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Right-Wing Extremism

Opinion: Few answers one year into the NSU trial

On May 6, 2013, the National Socialist Underground murder trial began. The hopes of the victims' families have been disappointed, and that's not just the fault of main defendant Beate Zschäpe, says DW's Marcel Fürstenau.

The two alleged murderers Uwe Böhnhardt and Uwe Mundlos have committed suicide; main defendant Beate Zschäpe has not said a word ever since her trial began on May 6, 2013. That's what makes it difficult - if not impossible - to get to the bottom of the so-called National Socialist Underground (NSU). Why did these three young, right-wing extremists turn into mass murderers motivated by race? Can Zschäpe be convicted of murdering 10 people, nine of which were immigrants of Turkish and Greek background?

One year on, there are no satisfying answers to those questions. That's first and foremost a result of Zschäpe's pointed decision to remain silent, but expectations for the trial have been too high right from the start. Of course, things would have been different had the accomplice of the alleged assassins spoken up in court. But the faint hopes of Zschäpe entering a guilty plea have been crushed - particularly for the victims' relatives. A gesture of sympathy for their suffering could hardly be expected from the defendant.

A calculating approach by the defense

It's little comfort to the victims' parents, siblings and widows that Carsten S., who is accused as an accomplice in the NSU killings, apologized to them. They want answers as to why it was their husbands, sons and fathers who had to die - haunting questions that will perhaps never be answered. This uncertainty adds to their suffering, and that's the doing of Zschäpe. The strategy, chosen by her lawyers, might make sense from a legal point of view, but it certainly doesn't ease the families' pain.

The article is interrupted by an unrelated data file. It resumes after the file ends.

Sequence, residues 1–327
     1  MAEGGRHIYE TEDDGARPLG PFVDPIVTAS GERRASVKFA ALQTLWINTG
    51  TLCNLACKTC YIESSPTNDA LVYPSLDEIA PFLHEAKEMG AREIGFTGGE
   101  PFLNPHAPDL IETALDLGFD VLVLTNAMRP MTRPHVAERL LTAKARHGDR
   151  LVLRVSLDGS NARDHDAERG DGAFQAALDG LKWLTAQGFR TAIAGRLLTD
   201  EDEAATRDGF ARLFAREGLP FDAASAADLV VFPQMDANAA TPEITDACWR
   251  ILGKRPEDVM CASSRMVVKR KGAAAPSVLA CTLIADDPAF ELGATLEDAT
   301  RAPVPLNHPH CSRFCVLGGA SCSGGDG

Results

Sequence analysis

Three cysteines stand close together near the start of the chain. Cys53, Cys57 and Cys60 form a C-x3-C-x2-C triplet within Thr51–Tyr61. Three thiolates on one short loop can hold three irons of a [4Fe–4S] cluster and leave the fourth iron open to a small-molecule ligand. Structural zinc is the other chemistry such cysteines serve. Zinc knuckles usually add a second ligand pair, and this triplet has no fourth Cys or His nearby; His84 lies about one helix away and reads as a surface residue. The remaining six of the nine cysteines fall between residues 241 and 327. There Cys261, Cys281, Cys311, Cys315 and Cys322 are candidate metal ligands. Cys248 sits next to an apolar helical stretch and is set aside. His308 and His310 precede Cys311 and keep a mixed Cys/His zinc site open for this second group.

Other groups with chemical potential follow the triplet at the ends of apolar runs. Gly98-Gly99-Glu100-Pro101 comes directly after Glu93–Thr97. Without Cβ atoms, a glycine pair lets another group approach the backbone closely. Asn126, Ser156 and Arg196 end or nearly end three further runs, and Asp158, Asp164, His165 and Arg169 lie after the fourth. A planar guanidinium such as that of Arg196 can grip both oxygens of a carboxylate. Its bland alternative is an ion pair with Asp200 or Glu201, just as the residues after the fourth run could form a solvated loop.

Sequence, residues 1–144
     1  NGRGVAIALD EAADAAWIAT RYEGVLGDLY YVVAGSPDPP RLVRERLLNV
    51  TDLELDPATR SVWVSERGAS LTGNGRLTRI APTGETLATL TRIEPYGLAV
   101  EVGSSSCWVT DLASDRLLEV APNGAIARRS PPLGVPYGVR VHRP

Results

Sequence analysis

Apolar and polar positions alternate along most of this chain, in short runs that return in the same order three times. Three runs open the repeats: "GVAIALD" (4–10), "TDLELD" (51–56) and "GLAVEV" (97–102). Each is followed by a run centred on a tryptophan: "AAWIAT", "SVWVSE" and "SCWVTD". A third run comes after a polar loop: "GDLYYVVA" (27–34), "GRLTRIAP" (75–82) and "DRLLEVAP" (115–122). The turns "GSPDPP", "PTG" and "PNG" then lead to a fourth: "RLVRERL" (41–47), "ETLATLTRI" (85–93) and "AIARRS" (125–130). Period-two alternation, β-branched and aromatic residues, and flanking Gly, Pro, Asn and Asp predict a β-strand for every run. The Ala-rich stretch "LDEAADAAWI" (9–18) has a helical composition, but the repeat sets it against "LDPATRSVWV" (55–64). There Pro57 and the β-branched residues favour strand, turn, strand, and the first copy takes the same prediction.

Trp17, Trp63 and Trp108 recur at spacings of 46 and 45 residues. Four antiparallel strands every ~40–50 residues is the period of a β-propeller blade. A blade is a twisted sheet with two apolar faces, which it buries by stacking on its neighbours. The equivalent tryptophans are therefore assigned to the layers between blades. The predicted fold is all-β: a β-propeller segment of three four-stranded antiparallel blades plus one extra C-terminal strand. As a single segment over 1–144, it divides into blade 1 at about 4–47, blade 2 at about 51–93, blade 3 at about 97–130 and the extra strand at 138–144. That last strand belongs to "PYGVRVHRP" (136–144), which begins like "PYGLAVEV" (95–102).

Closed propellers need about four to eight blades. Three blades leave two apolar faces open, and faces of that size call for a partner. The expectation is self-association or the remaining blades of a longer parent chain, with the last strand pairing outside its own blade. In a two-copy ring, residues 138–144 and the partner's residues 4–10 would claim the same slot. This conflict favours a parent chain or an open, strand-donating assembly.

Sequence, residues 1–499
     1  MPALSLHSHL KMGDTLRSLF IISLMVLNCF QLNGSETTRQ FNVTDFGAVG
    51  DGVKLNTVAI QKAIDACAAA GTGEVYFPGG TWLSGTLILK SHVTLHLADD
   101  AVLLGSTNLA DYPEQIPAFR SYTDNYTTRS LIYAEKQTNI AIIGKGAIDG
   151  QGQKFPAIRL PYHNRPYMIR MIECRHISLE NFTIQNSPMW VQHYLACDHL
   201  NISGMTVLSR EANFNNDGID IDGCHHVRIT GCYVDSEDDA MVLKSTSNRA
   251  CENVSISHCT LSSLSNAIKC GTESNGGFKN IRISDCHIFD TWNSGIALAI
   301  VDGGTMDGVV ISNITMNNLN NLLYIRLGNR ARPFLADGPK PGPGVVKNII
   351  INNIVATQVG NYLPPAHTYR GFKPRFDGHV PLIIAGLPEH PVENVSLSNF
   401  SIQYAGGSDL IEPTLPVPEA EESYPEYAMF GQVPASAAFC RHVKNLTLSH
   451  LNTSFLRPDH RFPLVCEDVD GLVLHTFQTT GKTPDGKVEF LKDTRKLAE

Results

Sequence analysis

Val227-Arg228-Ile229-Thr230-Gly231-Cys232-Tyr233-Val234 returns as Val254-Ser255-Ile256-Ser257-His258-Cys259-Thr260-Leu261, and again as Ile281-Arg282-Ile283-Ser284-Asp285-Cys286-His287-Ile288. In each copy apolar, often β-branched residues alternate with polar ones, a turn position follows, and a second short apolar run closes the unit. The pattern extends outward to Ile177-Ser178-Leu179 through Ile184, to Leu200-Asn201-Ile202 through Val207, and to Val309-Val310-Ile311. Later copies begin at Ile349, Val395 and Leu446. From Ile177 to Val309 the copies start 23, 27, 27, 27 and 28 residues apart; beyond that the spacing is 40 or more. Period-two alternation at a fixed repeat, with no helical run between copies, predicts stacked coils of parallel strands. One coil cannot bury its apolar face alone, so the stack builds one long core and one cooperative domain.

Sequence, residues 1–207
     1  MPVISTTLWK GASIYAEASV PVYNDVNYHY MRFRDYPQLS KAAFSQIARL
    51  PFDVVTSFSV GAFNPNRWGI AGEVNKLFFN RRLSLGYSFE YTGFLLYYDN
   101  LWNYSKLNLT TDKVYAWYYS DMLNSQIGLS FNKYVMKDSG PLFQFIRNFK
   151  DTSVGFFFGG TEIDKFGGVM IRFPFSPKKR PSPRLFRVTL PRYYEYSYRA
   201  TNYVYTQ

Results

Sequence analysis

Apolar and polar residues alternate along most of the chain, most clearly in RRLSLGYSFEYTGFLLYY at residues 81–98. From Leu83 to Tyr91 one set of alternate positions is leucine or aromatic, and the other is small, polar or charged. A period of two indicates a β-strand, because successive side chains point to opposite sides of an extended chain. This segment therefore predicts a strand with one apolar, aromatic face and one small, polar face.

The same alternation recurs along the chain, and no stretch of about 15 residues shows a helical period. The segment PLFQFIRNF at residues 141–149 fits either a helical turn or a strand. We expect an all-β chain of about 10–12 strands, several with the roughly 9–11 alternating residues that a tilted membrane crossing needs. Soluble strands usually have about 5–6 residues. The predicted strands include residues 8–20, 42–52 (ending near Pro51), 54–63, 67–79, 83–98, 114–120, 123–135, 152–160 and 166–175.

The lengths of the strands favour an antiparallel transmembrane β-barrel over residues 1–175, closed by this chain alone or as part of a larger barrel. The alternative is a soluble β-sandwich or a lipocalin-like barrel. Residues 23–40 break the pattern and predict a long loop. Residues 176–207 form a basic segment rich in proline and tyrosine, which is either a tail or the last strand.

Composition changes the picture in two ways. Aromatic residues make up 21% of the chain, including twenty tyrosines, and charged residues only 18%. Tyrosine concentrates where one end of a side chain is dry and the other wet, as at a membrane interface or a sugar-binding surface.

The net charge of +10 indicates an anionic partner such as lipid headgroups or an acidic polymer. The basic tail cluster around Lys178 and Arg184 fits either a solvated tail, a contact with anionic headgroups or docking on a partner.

Of course, their professional duty is to achieve the best outcome for their client. But considering the overwhelming evidence, the implication that their client was innocent almost feels shocking.

The strategy employed by Zschäpe's defense team could ultimately work, since her direct involvement in the murders cannot yet be demonstrated. That's why another aspect will be all the more important for the verdict, which is not expected before next year: Zschäpe is also charged with attempted murder.

Several eye witnesses and experts have testified that Zschäpe blew up an apartment in Zwickau, where she, Börnhardt and Mundlos lived while in hiding. Only thanks to much good fortune was no one harmed during this effort to cover the group's tracks. A physicist working for the Bavarian Bureau of Investigation (LKA) confirmed the prosecutors' assessment of a life-threatening explosion. That should be enough to send Zschäpe behind bars for a long time.

After 109 days in court, nothing points to Zschäpe pleading guilty after all. No one can force her to incriminate herself. Her lawyers could persuade her, but they have chosen not to. The NSU trial may well end without Böhnhardt and Mundlos being implicated in any crimes by their most important conspirator and others involved.

Questions of everyday racism

Should that scenario play out, the victims' families will experience added humiliation. Some of them had been accused of the crimes by biased authorities before the NSU was exposed. No one will be able to erase these traumatic events, and they are likely going to continue haunting them after the trial has ended. Why is Zschäpe so adamant at remaining silent? Why are so many dubious right-wing witnesses not in the dock? Was the NSU really just comprised of these three key figures?

All of these questions leave much room for speculation - no matter what the outcome of the NSU trial is. But we shouldn't forget about the limitations of such a trial. Legally speaking, it's solely evidence that matters and punishing individual guilt. The senate led by Judge Manfred Götzl is on the right track. Questions concerning the social factors that might have caused the killing spree need to be taken up outside of the court room.

It was a good start that the final report of the German Bundestag's committee came to the conclusion that German state authorities failed - including German police and intelligence officials as well as politicians. But a coherent concept as to what practical conclusions to draw from that report is still lacking. Small tweaks here and there to organizational structures won't do the trick of curbing everyday racism in Germany. That holds especially true for the NSU case.

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